The mayor of Newport, Arkansas, and a group of private entities have filed suit against a pair of state agencies and a medical cannabis provider over a disputed license sale, the Arkansas Democrat-Gazette reports. The lawsuit, filed in Jackson County, accuses the Marijuana Control Commission, Alcoholic Beverage Control, and Natural State Wellness Enterprises (NSW) of fraud, conspiracy, and breach of contract. The allegations are related to the sale of NSW and the company’s subsequent location change.
According to the report, the lawsuit contends that after NSW was purchased, the new owners changed their name to Good Day Farms and were said to have taken over the license four days after submitting their application, but two days before they were incorporated. The lawsuit also contends that NSW, “represented itself as a legal entity … before the [commission] when it knew or should have known that it was not a legal entity.”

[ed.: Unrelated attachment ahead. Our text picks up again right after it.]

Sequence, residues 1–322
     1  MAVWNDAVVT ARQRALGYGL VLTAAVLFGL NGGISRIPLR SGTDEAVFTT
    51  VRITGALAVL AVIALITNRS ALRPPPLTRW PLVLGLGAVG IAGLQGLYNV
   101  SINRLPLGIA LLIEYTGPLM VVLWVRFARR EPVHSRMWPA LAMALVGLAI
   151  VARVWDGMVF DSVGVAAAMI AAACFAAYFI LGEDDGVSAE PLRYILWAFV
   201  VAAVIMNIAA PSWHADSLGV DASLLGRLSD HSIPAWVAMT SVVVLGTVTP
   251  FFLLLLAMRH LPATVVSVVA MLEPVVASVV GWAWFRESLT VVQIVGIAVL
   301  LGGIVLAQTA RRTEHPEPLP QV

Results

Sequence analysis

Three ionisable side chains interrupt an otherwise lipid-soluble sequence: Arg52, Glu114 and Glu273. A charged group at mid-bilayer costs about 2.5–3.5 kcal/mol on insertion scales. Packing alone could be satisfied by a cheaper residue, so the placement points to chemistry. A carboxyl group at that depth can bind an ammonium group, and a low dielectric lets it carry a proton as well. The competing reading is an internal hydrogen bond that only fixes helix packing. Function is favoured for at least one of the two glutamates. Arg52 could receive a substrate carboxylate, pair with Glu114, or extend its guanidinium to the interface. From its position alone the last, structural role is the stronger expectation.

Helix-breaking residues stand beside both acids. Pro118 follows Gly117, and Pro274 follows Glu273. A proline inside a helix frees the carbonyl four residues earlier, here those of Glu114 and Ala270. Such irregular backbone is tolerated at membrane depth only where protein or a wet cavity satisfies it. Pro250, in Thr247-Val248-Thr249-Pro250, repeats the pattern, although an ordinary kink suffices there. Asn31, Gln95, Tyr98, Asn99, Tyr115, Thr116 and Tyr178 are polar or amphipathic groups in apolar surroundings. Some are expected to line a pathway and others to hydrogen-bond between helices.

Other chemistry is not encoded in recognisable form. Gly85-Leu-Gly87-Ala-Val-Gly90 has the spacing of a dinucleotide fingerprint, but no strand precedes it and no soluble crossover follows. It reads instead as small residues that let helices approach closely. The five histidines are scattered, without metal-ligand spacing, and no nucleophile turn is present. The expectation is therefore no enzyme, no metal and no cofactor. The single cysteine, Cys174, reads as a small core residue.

The plaintiffs’ attorney David Couch — who drafted Amendment 98, which ultimately led to the state’s 2016 medical cannabis legalization — told the Democrat-Gazette, “The corporation they gave the license to didn’t even exist on that day. They gave a license to Casper the Ghost.”
The plaintiffs, which include Newport Mayor David Stewart, the Northeast Arkansas Charitable Foundation, the Newport-Jackson County Industrial Development Bond Board, and Newport Economic Development Commission Director Jon Chadwell, contend the sale and relocation happened without input from the community. According to the report, Newport gave major incentives to convince Natural State Wellness to locate in Jackson County, including selling the land for only $20 rather than its market value of over $800,000. Additionally, the suit says NSW agreed to pay the Northeast Arkansas Charitable Foundation 10 percent of their profits. Therefore, the lawsuit insists Good Day Farms owes the charity $2 million as a result of the $20 million license sale. The suit goes on to ask Good Day Farms to donate 10 percent of their profits going forward if the move is finalized.
“The community has an investment in that facility, and before you go and move it somewhere else, the community that has the investment [should] have the opportunity to be heard.” — Couch, via the Arkansas Democrat-Gazette
A spokesperson for Arkansas‘ Marijuana Control Commission said the agency revokes licenses in the case of “egregious” violations but that the agency’s legal counsel believes the case would be best handled in the courts.
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